City Council publishes draft letter calling for sentencing enhancements in Dorsey case

Santa Clarita Valley Sheriff's Station deputies investigate a stabbing on Fir Court in Saugus on Thursday, April 15, 2021. Tim Whyte/The Signal

The Santa Clarita City Council is set Tuesday to discuss and possibly sign a letter encouraging sentencing enhancements — ways in which prosecutors can add more years in criminal case sentencing — be applied to the suspect in the Michelle Dorsey murder case.  

In the letter requested by City Council members at the April 27 meeting and addressed to the Los Angeles County Board of Supervisors, the council formally calls the lack of sentencing enhancements as a “grave lapse in judgement,” and said James Dorsey, 41, the estranged husband accused of breaking into his wife’s home and stabbing her to death on April 15, should be prosecuted to the full extent of the law.  

City officials argue in the letter that investigators have been publicly quoted as saying there was enough reasonable evidence to file sentence enhancements for murder in commission of a burglary, murder committed in the attempt of kidnapping and lying-in-wait. 

“In failing to file any sentence enhancements, law enforcement and criminal justice officials have stated that Ms. Dorsey’s accused murderer may be released in 20 years,” the letter reads. “This potential outcome is of gross negligence that only endangers the physical and mental wellbeing of Ms. Dorsey’s family and perpetuates the trauma they will carry for the rest of their lives.”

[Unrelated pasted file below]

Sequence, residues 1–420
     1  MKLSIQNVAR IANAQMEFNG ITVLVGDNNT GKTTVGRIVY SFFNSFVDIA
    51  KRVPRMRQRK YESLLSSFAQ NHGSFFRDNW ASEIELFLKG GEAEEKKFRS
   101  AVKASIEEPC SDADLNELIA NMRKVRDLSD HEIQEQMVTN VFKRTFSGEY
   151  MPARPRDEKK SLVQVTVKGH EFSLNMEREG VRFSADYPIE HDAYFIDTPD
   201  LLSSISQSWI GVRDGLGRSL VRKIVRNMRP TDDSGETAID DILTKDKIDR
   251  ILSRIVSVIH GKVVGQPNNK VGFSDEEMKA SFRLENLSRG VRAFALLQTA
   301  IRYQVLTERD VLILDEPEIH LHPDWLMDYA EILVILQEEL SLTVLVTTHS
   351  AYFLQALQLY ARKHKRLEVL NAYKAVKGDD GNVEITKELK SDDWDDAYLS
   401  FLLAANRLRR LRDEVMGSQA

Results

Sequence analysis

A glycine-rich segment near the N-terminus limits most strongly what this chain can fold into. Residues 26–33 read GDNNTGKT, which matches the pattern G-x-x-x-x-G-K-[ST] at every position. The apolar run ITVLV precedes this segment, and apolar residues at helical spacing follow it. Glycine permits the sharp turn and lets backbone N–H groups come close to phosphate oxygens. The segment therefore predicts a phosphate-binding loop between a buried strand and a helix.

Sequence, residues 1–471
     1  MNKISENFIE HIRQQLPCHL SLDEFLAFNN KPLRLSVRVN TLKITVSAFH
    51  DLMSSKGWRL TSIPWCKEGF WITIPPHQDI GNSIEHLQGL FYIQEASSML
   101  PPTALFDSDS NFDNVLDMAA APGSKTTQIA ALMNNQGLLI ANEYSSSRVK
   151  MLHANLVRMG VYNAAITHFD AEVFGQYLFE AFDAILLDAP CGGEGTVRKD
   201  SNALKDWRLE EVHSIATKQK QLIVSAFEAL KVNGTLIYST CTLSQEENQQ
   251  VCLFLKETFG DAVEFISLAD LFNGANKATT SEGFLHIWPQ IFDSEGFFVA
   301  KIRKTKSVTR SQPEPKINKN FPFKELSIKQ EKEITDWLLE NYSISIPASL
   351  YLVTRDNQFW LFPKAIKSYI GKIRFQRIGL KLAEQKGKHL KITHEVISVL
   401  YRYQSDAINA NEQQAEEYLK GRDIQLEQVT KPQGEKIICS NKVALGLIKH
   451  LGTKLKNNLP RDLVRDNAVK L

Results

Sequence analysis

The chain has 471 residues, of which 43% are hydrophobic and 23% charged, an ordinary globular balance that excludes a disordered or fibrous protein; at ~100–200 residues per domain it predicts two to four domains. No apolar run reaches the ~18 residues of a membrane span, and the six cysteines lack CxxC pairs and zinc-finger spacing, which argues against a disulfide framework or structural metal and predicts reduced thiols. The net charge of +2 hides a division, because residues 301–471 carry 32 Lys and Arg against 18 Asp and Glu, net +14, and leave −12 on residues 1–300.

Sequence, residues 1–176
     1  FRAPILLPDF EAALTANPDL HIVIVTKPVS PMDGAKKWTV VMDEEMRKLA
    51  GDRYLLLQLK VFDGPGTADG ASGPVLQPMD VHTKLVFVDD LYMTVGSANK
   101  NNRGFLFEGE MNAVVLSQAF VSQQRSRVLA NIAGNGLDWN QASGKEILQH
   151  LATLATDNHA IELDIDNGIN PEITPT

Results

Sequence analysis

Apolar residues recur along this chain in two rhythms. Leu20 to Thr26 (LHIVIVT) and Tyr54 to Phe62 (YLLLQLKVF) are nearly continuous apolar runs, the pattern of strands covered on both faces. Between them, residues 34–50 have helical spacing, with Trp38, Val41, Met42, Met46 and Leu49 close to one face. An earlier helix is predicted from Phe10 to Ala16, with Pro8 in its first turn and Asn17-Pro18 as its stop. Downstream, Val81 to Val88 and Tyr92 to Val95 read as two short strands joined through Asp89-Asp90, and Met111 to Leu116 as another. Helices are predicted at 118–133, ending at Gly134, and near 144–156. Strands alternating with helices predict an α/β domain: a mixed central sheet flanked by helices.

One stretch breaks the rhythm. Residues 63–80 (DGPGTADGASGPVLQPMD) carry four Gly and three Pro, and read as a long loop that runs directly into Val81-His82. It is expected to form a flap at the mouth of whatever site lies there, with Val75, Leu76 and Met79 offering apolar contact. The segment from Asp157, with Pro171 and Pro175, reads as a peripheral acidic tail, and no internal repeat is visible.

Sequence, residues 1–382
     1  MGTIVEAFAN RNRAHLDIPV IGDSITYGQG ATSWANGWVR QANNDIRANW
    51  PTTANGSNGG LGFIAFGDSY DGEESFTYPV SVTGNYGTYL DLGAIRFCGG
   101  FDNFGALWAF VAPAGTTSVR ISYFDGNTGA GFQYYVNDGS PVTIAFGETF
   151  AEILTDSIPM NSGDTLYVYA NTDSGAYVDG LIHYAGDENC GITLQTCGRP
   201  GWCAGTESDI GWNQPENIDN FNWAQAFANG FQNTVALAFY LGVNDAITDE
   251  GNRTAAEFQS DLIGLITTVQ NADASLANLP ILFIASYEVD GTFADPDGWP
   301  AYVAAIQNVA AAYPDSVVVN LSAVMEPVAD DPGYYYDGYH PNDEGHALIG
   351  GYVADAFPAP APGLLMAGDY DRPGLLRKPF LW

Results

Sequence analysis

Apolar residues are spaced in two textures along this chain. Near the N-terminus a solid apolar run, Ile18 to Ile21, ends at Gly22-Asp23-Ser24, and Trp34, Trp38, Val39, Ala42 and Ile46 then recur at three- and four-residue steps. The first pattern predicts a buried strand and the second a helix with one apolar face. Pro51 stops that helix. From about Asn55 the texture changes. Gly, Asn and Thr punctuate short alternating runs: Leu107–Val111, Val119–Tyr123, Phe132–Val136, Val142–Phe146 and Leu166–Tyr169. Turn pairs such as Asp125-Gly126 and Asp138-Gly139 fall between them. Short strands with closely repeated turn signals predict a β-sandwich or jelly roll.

The grievances specifically listed in the letter stem from directives issued by District Attorney George Gascón when he entered office in December. In addition to ending pursuit of the death penalty in L.A. County and reducing sentencing for a number of criminal offenses, Gascón has ordered the near universal abolishment of prosecutors requesting the additional sentencing enhancements, which can result in life without parole punishments in certain cases. 

During their March 9 meeting, City Council members unanimously approved a vote of no confidence in Gascón.  

The letter asks the Board of Supervisors to join the city in urging the District Attorney’s office to “uphold its duties and responsibilities to appropriately prosecute criminals, based on the evidence presented and consistent with state law.” 

“We implore you to join us in urging the District Attorney to file sentence enhancements in this case,” the letter says.  

If approved by the council at their Tuesday night meeting, the letter will be authorized and sent as a five-signature letter to the Los Angeles County Board of Supervisors.  

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